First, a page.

You should see the makings of the king's crown. Then add a drooping sausage in the center of the oval for the nose, and add two curved, vertical lines at the top of the nose on either side for the eyes. Beneath the nose add a horizontal oval shape for the mouth. Add detail to the crown, eyes, and mouth and give your king a beard if you'd like.
More Easy Doodles: Doodling Flowers, Vines, and Bushes
Flowers are one of the most popular and simplest doodles you'll see people draw. You may be wondering why this is. Flowers are everywhere, so there's lots of inspiration. Also, flowers are easy to draw using circles, ovals, and lines, so they are naturally a go-to for doodlers. Let's learn how to doodle different types of flowers.
Draw a circle shape in the center of your paper, and color it in with a pencil or black marker. Then, radiating out from the circle's outer edge, draw eleven oval shapes; these will be the petals. Color the petals with a yellow marker, and there you have your daisy. Add a stem and put several in a vase, or fill your page with daisy blossoms. Get creative!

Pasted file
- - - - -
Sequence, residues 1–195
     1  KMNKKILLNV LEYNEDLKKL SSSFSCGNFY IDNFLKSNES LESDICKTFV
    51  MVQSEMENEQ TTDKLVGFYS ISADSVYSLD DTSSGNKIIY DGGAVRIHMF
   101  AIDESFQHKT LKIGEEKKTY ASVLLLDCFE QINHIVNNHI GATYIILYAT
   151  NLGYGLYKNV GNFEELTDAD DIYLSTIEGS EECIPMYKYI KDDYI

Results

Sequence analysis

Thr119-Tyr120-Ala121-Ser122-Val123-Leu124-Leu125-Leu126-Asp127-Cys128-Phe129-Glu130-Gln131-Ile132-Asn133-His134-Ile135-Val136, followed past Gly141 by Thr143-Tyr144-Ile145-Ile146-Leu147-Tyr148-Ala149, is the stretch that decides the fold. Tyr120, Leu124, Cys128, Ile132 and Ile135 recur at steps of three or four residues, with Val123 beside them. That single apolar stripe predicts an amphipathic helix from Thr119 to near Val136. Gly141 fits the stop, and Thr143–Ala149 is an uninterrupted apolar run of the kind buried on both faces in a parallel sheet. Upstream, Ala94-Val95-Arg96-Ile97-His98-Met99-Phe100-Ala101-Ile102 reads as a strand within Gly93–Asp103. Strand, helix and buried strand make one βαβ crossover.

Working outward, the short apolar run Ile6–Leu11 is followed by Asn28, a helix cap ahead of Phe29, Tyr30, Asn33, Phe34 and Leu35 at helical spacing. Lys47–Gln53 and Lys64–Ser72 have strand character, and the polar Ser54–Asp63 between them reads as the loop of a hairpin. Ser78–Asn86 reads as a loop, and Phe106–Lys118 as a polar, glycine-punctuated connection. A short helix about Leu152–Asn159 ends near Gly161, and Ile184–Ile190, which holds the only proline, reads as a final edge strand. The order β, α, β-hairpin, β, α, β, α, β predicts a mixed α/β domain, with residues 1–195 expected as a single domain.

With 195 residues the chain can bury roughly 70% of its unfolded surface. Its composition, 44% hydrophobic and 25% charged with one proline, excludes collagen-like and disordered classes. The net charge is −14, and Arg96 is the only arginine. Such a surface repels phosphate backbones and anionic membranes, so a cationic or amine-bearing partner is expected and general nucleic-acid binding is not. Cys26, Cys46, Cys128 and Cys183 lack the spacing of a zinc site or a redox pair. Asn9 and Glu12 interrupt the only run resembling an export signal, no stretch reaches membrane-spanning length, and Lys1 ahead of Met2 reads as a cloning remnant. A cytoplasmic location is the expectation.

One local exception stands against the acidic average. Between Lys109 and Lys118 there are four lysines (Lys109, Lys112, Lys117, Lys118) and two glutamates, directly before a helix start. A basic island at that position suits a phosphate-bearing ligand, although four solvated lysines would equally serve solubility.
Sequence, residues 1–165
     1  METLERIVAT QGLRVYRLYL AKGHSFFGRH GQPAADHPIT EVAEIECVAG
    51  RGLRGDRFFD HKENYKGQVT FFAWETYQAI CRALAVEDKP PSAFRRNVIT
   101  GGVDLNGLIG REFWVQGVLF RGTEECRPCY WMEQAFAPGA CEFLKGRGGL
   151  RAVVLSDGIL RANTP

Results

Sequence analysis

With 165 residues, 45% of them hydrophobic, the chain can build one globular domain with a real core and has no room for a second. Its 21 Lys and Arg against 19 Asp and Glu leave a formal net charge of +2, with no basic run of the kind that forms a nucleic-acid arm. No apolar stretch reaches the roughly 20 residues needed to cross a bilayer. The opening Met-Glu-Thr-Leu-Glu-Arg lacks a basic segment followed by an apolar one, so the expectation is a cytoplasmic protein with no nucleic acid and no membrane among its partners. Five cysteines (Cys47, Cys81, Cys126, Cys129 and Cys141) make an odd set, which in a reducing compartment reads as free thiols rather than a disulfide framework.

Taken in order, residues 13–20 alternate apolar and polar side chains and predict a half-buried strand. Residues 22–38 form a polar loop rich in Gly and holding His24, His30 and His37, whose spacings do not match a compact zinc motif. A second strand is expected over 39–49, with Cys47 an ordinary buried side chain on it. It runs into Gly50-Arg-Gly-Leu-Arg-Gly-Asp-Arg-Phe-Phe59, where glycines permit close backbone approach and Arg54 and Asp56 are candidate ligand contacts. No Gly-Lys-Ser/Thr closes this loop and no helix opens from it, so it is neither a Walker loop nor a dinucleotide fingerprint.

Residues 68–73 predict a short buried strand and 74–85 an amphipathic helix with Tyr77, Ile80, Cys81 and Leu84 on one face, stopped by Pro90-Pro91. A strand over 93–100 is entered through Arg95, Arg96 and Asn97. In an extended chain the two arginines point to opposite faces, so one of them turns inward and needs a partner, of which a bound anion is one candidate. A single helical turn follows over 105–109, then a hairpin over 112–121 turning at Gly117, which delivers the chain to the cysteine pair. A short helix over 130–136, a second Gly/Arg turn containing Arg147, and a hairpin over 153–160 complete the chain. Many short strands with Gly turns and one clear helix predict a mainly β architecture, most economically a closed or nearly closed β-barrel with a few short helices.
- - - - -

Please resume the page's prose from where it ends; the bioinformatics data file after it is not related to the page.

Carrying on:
"A rose by any other name would smell as sweet." Shakespeare immortalized the rose in Romeo and Juliet, and it remains the most popular of flowers today. The rose is a more complex flower to doodle than the daisy, but once you get the hang of it, you'll be creating doodles of roses in no time.
Begin your rose with a small, squiggly swirl. This will be the center of your rose, and then you will build subsequent swirls around this center creating a blooming effect. Make sure to use varying sizes and shapes for your swirls and place them around the center swirl, radiating outwards. You can create large or small rose blossoms using this technique.
Next, add two small, eyelid shapes that connect at the top or bottom of the rose. These are the petals. Add a center line to each and a long stem for more detail, and then you are done with your rose doodle.